Food waste is a significant global issue. Over 30% of food is lost or wasted annually, a staggering 1.3 billion tons.
Food waste occurs at every stage of the food “life cycle,” from agricultural production to consumption and disposal. This means all stages of the food supply chain, from farms to households. Weather, pests, disease, low market prices, or high labour costs can lead to food being left in the field.
These three phases alone represent approximately 75% of all food waste. The final step accounts for the last 25% of food waste.
Food waste is a significant economic issue. Experts estimate that the financial consequences, excluding fish and seafood, amount to £770 billion globally. And in the UK, the annual cost is estimated to reach as high as £19 billion. This figure includes household waste, hospitality and food service, manufacturing, retail, and wholesale sectors.
Here is the breakdown of global statistics as of 2023:
The global volume of food wastage is estimated at a mind-boggling 1.6 billion tonnes of “primary product equivalents.” This immense quantity has severe environmental consequences. Carbon emissions are responsible for up to 30% of greenhouse gas emissions released into the atmosphere. To put this into perspective, this accounts for a significant portion of global greenhouse gas emissions.
In a world of seven billion people, set to grow to nine billion by 2050, wasting food makes no sense – economically, environmentally and ethically, aside from the cost implications, all the land, water, fertilisers and labour needed to grow that food is wasted – not to mention the generation of greenhouse gas emissions produced by food decomposing on landfill and the transport of food that is ultimately thrown away.Achim Steiner, UN Under-Secretary-General and UNEP Executive Director
Consumers in rich countries waste almost as much food as sub-Saharan Africa’s entire net food production each year. In developing countries, 40% of losses occur at postharvest and processing levels, while more than 40% at retail and consumer levels in industrialised countries.
These facts show that they significantly contribute to global hunger and insecurity. Reducing this can save resources, reduce greenhouse gas emissions, and feed more people. This reduction can be achieved through various methods, such as improving supply chain management, reducing portion sizes, and educating consumers.
|Types of Food Waste
|Estimated Annual Total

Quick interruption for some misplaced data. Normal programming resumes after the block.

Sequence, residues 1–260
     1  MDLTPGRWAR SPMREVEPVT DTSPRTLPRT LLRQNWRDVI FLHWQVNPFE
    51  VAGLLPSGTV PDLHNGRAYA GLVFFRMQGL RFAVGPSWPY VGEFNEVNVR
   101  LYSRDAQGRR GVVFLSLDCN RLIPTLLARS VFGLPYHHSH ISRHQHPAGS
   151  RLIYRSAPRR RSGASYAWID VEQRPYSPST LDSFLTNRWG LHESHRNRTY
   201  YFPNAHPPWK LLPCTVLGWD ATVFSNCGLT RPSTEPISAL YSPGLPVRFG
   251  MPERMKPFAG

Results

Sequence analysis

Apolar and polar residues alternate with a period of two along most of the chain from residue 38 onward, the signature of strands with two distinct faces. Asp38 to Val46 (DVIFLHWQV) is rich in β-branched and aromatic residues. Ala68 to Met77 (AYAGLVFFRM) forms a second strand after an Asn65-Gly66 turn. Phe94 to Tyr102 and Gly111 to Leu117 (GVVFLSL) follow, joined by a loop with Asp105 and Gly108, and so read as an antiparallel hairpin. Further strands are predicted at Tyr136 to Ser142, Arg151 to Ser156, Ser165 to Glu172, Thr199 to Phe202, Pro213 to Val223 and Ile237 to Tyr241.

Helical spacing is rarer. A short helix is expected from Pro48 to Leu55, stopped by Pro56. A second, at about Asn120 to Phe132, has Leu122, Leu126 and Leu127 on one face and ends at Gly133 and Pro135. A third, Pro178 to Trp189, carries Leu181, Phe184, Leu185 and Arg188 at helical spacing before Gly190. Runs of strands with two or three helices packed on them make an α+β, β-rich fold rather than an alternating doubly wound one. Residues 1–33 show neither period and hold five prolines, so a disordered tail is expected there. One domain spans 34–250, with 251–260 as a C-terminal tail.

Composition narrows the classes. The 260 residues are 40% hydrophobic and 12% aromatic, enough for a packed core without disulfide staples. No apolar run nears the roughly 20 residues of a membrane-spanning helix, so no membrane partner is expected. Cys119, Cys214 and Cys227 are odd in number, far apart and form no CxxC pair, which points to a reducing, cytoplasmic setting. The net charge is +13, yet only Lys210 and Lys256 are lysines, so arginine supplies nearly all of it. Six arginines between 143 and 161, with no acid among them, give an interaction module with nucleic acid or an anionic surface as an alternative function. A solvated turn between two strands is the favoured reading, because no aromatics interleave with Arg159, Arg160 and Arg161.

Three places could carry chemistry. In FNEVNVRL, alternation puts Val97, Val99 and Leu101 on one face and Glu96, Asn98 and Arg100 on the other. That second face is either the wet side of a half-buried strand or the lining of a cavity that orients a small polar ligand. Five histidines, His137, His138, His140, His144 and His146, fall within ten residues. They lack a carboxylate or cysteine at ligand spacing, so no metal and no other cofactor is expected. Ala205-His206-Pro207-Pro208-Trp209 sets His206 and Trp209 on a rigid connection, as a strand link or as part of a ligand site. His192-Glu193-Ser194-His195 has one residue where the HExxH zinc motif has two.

|Supermarkets, Grocery Stores, Convenience Stores
|Unsold produce, expired products, damaged goods, overstocked items
|118 million tons
|Restaurants, Cafes, Fast Food Chains
|Plate waste, uneaten prepared food, kitchen trimmings, overproduction, spoilage, expiration
|224 million tons
|Single-family households, Multi-family households, Dormitories
|Plate waste, spoiled food, expired products, over-purchasing
|570 million tons
The food waste is produced by various sectors, including households (43%), grocery stores, restaurants, and food service companies (40%), farms (16%) and manufacturers (2%). It is estimated that 1.6 billion tonnes of “primary product equivalents” are wasted annually, which equates to 1.3 billion tonnes of edible food.
This wastage has a significant environmental impact, with the carbon footprint estimated at 3.3 billion tonnes of CO2 equivalent to greenhouse gases (GHG) released into the atmosphere annually.
By dividing the waste by food type, suppliers, retailers, and consumers waste approximately 45% of all fruits and vegetables, 35% of fish and seafood, 30% of cereals, and 20% of meat and dairy products annually.
Households are the most significant contributors, producing 570 million metric tons. This figure is supported by a United Nations Environment Programme (UNEP) report, which estimated household food waste at 569 million tonnes.
The average global household wastes 74kg of food each year per capita. However, this figure varies by country. For example, Australian households generate 102kg annually, while Russian households produce 33 kilograms per capita.
Food waste in restaurants is a significant global issue with substantial economic, human, and environmental implications. According to the Green Restaurant Association, a restaurant can produce up to 25,000-75,000 pounds annually.
It’s estimated that 17% of a diner’s meal is left uneaten, and 55% of restaurant leftovers are edible. This is equivalent to over £133 billion in food waste. Restaurants waste 4% to 10% of the food they buy, and 30% to 40% of the food they serve customers is never eaten. This results in a substantial loss for the restaurant industry.
Global agriculture or farming is a significant issue contributing to food loss and environmental impacts. According to the World Wildlife Fund (WWF) and Tesco’s report, an estimated 2.5 billion tonnes of food goes uneaten worldwide, with 1.2 billion tonnes of farm-stage wasted yearly.
This is higher than previously thought, pushing the share of wasted food to about 40%. Farm-stage food waste is 2.2 gigatonnes of CO2eq annually, 4% of global anthropogenic emissions.